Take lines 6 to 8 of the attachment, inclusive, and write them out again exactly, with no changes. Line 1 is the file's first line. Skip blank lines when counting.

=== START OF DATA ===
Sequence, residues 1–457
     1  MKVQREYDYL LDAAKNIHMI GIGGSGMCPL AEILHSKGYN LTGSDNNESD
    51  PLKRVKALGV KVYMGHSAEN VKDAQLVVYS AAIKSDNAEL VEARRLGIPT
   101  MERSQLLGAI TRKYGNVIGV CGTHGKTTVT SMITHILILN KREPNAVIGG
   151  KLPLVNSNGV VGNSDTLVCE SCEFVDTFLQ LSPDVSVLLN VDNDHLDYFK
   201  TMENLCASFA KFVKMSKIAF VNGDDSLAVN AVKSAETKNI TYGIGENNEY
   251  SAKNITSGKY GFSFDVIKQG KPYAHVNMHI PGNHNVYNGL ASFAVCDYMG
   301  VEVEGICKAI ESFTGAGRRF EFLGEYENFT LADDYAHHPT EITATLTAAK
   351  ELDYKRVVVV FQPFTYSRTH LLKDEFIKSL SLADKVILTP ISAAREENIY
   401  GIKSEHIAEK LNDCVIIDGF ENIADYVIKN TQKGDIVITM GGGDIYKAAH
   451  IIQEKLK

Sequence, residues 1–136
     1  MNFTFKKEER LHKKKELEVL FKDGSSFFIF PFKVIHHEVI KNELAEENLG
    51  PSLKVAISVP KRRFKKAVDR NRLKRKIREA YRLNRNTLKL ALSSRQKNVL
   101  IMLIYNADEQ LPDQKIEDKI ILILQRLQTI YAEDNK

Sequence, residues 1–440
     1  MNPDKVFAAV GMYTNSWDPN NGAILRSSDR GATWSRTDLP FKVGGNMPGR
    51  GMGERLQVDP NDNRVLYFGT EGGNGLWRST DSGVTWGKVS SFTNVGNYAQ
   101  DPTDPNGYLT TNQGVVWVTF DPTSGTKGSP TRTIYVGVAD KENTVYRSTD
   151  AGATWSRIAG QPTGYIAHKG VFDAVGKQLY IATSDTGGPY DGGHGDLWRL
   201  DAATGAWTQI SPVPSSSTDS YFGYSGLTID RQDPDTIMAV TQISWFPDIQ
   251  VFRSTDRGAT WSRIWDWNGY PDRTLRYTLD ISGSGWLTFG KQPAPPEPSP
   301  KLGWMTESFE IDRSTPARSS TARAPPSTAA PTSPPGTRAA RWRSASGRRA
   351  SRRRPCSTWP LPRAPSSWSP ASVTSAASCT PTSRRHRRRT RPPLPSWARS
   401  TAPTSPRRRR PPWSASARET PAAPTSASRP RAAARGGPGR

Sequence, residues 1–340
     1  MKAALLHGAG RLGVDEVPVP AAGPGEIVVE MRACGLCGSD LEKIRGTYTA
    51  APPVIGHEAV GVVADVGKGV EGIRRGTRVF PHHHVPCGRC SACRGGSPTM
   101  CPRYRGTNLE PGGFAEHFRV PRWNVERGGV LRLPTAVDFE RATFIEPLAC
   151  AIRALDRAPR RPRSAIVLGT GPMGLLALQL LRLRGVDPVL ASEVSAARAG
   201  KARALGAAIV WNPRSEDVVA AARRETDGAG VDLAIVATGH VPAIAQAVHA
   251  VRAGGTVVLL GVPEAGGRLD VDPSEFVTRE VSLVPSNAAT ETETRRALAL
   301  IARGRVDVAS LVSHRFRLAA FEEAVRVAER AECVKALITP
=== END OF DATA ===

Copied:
   201  TMENLCASFA KFVKMSKIAF VNGDDSLAVN AVKSAETKNI TYGIGENNEY
   251  SAKNITSGKY GFSFDVIKQG KPYAHVNMHI PGNHNVYNGL ASFAVCDYMG
   301  VEVEGICKAI ESFTGAGRRF EFLGEYENFT LADDYAHHPT EITATLTAAK